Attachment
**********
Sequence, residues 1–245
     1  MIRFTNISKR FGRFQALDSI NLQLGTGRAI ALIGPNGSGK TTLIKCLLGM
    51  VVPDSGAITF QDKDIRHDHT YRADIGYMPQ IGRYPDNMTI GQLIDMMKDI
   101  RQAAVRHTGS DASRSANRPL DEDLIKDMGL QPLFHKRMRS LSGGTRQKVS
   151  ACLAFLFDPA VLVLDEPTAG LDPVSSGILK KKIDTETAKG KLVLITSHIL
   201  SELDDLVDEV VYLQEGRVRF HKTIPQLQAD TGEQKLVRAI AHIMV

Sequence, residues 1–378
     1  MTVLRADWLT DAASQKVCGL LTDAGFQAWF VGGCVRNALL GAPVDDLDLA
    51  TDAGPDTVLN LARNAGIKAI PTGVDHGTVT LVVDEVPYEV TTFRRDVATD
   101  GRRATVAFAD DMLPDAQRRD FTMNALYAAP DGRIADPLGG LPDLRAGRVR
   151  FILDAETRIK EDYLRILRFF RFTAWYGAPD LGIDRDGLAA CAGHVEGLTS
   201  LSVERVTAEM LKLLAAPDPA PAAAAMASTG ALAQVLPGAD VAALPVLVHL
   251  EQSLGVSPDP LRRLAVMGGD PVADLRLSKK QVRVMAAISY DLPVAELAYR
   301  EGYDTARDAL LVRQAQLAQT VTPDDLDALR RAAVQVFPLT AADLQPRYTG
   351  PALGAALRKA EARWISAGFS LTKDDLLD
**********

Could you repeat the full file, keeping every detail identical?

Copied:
Sequence, residues 1–245
     1  MIRFTNISKR FGRFQALDSI NLQLGTGRAI ALIGPNGSGK TTLIKCLLGM
    51  VVPDSGAITF QDKDIRHDHT YRADIGYMPQ IGRYPDNMTI GQLIDMMKDI
   101  RQAAVRHTGS DASRSANRPL DEDLIKDMGL QPLFHKRMRS LSGGTRQKVS
   151  ACLAFLFDPA VLVLDEPTAG LDPVSSGILK KKIDTETAKG KLVLITSHIL
   201  SELDDLVDEV VYLQEGRVRF HKTIPQLQAD TGEQKLVRAI AHIMV

Sequence, residues 1–378
     1  MTVLRADWLT DAASQKVCGL LTDAGFQAWF VGGCVRNALL GAPVDDLDLA
    51  TDAGPDTVLN LARNAGIKAI PTGVDHGTVT LVVDEVPYEV TTFRRDVATD
   101  GRRATVAFAD DMLPDAQRRD FTMNALYAAP DGRIADPLGG LPDLRAGRVR
   151  FILDAETRIK EDYLRILRFF RFTAWYGAPD LGIDRDGLAA CAGHVEGLTS
   201  LSVERVTAEM LKLLAAPDPA PAAAAMASTG ALAQVLPGAD VAALPVLVHL
   251  EQSLGVSPDP LRRLAVMGGD PVADLRLSKK QVRVMAAISY DLPVAELAYR
   301  EGYDTARDAL LVRQAQLAQT VTPDDLDALR RAAVQVFPLT AADLQPRYTG
   351  PALGAALRKA EARWISAGFS LTKDDLLD